The end…

Chap Goh Meh or the 15th Night of the 1st Month of the Chinese Lunar Year marks the end of the festivities held to usher in and welcome the brand new year, and this year is The Year of The Goat. The (extended) family would sit down together once again for a grand dinner, not unlike the Reunion Dinner on the last day of the old year, the eve of Chinese New Year’s Day.

However, the sad thing is these days, families are not so close-knit – not many are staying together in the same house or in the same town and they may be scattered all over the state, country or even the whole world. Some may come home for the festival but with their work commitments, most would have made their way back to their respective stations leaving, perhaps, only the old parents alone at home. Probably it is because of this reason that many do not hold the aforementioned dinner anymore these days…or maybe because everyone would be busy working so they would not have the luxury of time and maybe because the old folks at home are no longer able to cope or to cook, many would just book a table at a restaurant outside and sit down and enjoy the dinner together.

Well, my missus and I have both retired so we would have a lot of time on our hands and I offered to cook this time around seeing that she had done her part for the Reunion Dinner and also for the Chinese New Year’s Day dinner with my in-laws. Of course, one must not expect anything special as I am usually the one taking shortcuts and looking for the easy way out like how I cooked my sambal prawns with petai

Sambal prawns with petai

I also fried the Penang laksa noodles with leek and bak kua (barbecued meat)….

Fried Pennag laksa with leek and bak kua

that I cooked not too long ago and found that it was really very nice. Initially, everyone avoided it, opting for the plain white rice instead, probably thinking that it was the dry version of the celebrated Penang hawker delight so I had to explain that it was the name given to the type of noodles used and it was not anything like that.

I boiled the heads of the prawns and the shell to get the stock with which I cooked a lovely clear soup with Chinese cabbage, meat balls, quail eggs and button mushrooms. I did not remember to take a photograph of it though. Other than that, I had TWO very big ikan buris (or ikan lajong in Iban) in the fridge. I read somewhere that one should not cut the fish served for the Reunion Dinner so in keeping with the tradition, I deep-fried the two whole and even with my not-very-big wok, I managed to do so…

Fried ikan buris

…pretty well, I must say. I did not have a plate big and long enough so I served them in a tray wrapped with aluminium foil together with the sauce that my mum and the rest in the family would prepare to eat with this particular type of fish.

She would pour away the oil used to fry the fish leaving just a little bit in the wok and then she would heat it up again and fry some thinly-sliced  shallots it in. Once done, she would add soy sauce to the oil and shallots and that was it…

Dip for fish

On my part, I did add some sliced fresh chili as well.

My missus did say she was going to fry the leftover ngor hiang and serve but I noticed that she had marinated some chicken wings as well so I guessed she was going to bake those…and when I saw her taking out some more chicken from the freezer, I knew what she was up to. If you know the story of the Arab and the Camel, you would know what happened to the Arab and you can jolly well guess the end of the story.

This was what we had for our dinner that night from one angle…

Chap Goh Meh dinner 1

…and this was from the other angle…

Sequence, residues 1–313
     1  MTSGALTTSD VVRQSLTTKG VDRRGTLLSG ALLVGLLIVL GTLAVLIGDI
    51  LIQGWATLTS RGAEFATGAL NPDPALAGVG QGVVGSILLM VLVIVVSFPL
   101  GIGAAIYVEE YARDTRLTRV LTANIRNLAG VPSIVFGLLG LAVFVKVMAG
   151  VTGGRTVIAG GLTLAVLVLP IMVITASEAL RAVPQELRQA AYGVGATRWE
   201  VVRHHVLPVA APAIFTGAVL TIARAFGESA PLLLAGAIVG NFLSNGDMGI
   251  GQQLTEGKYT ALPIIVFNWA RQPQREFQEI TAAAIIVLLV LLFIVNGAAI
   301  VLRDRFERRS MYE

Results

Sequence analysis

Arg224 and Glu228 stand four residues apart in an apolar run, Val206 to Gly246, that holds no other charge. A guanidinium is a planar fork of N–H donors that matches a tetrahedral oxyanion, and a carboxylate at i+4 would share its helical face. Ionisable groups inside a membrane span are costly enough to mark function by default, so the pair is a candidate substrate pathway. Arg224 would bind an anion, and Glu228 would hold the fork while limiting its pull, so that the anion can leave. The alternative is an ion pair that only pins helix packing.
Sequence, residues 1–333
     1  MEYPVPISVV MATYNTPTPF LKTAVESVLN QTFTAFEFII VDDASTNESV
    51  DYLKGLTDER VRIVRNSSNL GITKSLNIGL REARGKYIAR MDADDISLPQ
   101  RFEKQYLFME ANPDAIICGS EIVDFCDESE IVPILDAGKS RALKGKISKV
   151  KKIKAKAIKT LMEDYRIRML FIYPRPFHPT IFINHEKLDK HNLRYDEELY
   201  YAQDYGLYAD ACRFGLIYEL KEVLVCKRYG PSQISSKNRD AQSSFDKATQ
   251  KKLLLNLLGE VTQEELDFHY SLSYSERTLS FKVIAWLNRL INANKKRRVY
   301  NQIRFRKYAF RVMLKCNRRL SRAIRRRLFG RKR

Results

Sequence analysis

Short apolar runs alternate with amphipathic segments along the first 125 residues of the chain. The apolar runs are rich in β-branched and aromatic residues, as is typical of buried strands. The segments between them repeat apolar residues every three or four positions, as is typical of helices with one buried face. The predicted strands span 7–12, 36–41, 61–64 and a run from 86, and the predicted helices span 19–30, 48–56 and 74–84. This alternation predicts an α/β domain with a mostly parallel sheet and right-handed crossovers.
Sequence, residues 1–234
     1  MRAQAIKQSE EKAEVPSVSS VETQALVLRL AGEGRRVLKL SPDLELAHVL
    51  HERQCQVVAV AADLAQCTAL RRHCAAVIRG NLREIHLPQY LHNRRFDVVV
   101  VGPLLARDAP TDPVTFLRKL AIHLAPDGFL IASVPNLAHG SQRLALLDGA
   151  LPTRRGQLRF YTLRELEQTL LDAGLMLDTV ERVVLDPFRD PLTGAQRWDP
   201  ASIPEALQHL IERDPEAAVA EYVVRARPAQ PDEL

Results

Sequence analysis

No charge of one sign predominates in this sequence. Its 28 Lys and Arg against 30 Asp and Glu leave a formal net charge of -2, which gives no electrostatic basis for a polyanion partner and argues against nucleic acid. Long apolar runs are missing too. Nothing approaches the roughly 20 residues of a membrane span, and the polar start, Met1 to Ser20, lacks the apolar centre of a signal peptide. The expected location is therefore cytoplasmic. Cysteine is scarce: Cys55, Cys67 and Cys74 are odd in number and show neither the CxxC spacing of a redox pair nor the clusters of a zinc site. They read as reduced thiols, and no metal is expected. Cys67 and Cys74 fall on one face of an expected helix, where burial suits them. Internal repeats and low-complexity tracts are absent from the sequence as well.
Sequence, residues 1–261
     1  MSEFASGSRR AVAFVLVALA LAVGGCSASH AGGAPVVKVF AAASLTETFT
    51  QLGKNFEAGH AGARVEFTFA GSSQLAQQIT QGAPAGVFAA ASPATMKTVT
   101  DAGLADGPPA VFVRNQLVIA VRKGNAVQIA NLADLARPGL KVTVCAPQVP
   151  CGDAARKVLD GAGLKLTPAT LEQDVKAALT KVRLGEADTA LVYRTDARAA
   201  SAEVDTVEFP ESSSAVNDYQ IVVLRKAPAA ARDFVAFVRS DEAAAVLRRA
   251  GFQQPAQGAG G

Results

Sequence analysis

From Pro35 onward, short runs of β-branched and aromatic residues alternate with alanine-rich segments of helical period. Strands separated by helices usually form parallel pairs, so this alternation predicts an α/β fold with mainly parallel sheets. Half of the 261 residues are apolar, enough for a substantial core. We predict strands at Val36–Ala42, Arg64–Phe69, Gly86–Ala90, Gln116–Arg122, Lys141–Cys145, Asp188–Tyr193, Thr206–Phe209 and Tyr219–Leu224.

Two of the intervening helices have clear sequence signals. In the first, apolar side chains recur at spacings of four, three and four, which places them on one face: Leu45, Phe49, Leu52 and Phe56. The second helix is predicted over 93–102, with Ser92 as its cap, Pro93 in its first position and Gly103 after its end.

Chap Goh Meh dinner 2

Nothing much, nothing fancy but what mattered most would be the fact that we were able to sit down together with family and friends to eat this significant dinner and enjoy the cheer and delight of one another’s company.

How was your Chap Goh Meh celebration? Care to share?

Author: suituapui

Ancient relic but very young at heart. Enjoys food and cooking...and travelling and being with friends.

23 thoughts on “The end…”

  1. wow…lots of food! Well, you are absolutely right. Unlike the past, where most folks born, study and work in their home town, its easy to arrange such dinners. But with globalisation (between states and countries), most workers nowaday have limited leaves and need to rush back to work on the 3rd or 4th day of CNY. That’s life today and that’s also I am no longer enjoyed CNY. It’s a change.

    I wouldn’t say it is the same with the young here – they all make their way home, never mind how expensive the air fare may be, and they all love every moment spent those few days here…or maybe it is different here. I hear at other places it is mostly within one’s own family or circle of friends…and mostly at the mahjong table. Dunno if there is any truth in that. Whatever it is, I am sure it means a lot to the old folks – to see the children and grandchildren coming home…once a year or at times, even more rarely than that…especially when they know they would not be around much longer to enjoy that. I’m sure such family bonds are still very much alive, filial piety and all.

  2. That’s what you call nothing fancy? That’s a lot of work put into. Good idea to serve the fish on that tray. Looks so nice. Love the way you sliced it before frying too.

    That was how my mum would slice this particular fish – hers even more thinly sliced….unlike when she cooked other types of fish like bawal hitam or putih, thicker cuts. Dunno why she did that – I just followed…but of course, mine a bit kasar lah! 😛

    1. I realised the family gatherings have shifted to Xmas for me..hahaha… Probably it’s school holidays and everybody are free. hahaha

      We also celebrate Christmas but that’s just within the family, and again on New Year’s Eve – 31st December, another dinner but no open house for friends to drop by. We used to have in my younger days – open house for Christmas and open house again for Chinese New Year – too close for comfort so these days, we just stick to Chinese New Year.